“Did we break something up? Yeah, we think we did,” said a law enforcement official involved in the case, speaking on condition of anonymity under Justice Department rules. “But we would not profess to say we had anything more than the potential for it.”
No, you didn’t.
A summary by the Washington Post called Hardball Tactics in an Era of Threats on the “Paintball trials” that convicted 11 brothers in the DC area The picture that accompanies the article is fascinating to me because I was there that day praying outside with the brothers and sisters. Alhamdulillah, you cannot see the sister’s section but we prayed behind the brothers.
I don’t recall being aware that the photographers were taking pictures as we lined up to pray. I do however remember that their were several construction workers high up on one of the adjacent buildings under construction shouting obscenities at us as we prayed. Umar Lee was quoted in the article and he posted a clarification of his comments on his blog.
Over the past few years, the Alexandria Courthouse which is architecturally beautiful has become a place of so many unjust tactics, trials, and sentences. Men most of whom had no intention of harming anyone and indeed did not harm anyone were given sentences of life or more than life for refusing to lie against themselves or others.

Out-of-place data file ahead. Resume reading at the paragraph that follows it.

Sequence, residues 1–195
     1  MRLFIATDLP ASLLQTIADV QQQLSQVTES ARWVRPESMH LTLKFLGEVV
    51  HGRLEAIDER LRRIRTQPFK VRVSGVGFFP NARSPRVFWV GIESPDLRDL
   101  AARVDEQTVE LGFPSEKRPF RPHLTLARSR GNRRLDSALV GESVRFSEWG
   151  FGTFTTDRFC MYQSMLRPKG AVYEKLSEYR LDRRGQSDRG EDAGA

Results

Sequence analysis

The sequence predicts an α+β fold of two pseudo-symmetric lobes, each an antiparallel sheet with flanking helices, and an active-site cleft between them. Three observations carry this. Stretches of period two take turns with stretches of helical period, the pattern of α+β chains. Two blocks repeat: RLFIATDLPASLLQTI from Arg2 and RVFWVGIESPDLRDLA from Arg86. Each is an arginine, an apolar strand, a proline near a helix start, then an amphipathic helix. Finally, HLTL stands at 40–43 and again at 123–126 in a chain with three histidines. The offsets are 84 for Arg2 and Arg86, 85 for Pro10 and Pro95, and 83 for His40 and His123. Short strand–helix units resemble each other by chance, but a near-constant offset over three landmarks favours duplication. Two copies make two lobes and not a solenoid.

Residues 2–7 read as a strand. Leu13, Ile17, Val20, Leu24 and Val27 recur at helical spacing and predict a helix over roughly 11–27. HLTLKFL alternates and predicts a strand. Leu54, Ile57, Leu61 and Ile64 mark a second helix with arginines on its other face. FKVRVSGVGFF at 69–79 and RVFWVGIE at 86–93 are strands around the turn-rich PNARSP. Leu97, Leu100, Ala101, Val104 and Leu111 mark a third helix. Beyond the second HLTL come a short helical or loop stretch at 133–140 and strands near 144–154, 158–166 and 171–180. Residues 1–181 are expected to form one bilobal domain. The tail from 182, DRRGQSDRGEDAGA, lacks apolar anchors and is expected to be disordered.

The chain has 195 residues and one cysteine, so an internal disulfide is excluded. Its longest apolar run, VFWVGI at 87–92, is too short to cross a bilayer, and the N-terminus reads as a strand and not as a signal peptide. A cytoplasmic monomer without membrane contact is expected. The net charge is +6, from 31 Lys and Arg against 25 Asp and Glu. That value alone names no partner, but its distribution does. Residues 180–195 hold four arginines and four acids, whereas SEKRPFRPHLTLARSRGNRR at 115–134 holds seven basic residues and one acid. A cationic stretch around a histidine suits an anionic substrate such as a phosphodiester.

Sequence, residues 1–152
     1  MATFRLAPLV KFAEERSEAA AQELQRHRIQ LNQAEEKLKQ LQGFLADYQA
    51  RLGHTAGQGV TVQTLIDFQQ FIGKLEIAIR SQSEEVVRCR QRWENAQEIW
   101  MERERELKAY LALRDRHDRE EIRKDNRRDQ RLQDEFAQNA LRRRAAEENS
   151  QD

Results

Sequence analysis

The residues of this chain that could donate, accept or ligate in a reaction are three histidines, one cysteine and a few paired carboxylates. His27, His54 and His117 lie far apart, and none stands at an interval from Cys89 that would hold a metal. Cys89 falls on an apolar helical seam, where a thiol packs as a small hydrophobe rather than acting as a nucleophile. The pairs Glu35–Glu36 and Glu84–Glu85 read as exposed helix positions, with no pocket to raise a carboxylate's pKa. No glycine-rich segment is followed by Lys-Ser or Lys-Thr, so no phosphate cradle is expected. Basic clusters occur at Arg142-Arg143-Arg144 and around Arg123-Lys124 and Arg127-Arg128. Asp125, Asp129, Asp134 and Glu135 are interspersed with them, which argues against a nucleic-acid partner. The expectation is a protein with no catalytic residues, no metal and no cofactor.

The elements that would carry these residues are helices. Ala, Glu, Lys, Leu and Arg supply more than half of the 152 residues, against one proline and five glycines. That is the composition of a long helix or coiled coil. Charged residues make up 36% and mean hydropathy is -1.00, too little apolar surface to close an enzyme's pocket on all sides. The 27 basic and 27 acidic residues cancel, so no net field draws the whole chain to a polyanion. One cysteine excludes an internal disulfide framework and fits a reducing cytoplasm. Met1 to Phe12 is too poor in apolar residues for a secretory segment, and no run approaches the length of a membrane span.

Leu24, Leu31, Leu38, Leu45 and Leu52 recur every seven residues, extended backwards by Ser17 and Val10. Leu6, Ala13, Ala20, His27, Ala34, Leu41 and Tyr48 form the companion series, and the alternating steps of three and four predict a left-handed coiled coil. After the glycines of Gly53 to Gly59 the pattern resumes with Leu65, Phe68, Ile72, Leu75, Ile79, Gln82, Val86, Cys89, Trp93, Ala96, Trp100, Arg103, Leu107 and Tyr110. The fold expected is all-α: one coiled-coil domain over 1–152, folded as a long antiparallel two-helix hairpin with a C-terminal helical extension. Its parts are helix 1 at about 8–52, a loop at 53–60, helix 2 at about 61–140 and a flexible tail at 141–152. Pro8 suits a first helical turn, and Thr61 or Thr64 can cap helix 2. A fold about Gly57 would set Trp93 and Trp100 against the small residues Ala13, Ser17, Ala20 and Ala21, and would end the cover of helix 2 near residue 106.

Some brothers plea bargained with the prosecution and received sentences of 2-3 years and some have now been released. The prosecution offered each defendant a plea deal which would have seen sentences generally less than 5 years. If the men were so dangerous why would they offer very short sentences to avoid a trial unless they were afraid of an acquittal at trial due to the weakness of the evidence.
But the prosecution did a good job of keeping the juries in a state of fear by repeatedly invoking 9/11 and Osama bin Laden which in reality had nothing to do with any of the charges against these men. And now we see that Paul McNulty one of the lead prosecutors has been promoted to deputy Attorney General.
But how can one admit to a crime he did not commit? It is a brave and honorable act to stand up for real justice and not give in to the pressures to plea bargain. May Allah subhanhu wa ta ala protects us from ever having to make that decision.
Now, we have many families that have lost a son, wives have become effective widows, and children have become partial orphans. Surely, true justice will be meted out not in the courthouse in Alexandria but on the Day of Judgment.
What happened in those courtrooms was not an exercise of justice. It was not a victory for the war on terror rather it was a salvo in the war on Islam. Some of the points repeatedly highlighted by the prosecution to show the danger of these men:
- They were practicing Muslims.
- They would gather together to watch films or discuss the situation of Muslims around the world.
- They would go to the masjid more than once a day.
- They had books, audio lectures, or videos which are freely available that may not be politically correct but certainly are not illegal.
- They exercised freedom of speech.
- They played paintball together.
- They helped out other Muslims.
- A few received weapons training at a Laksha-e-Taiba base in Pakistan which at the time had not been designated a “terrorist group”.
And for these”crimes”, charge against charge was piled against them and they have been convicted in this temporal life but most certainly will be acquitted in the next life.
May Allah subhanhu wa ta ala protect them and their families and all of us. Ameen.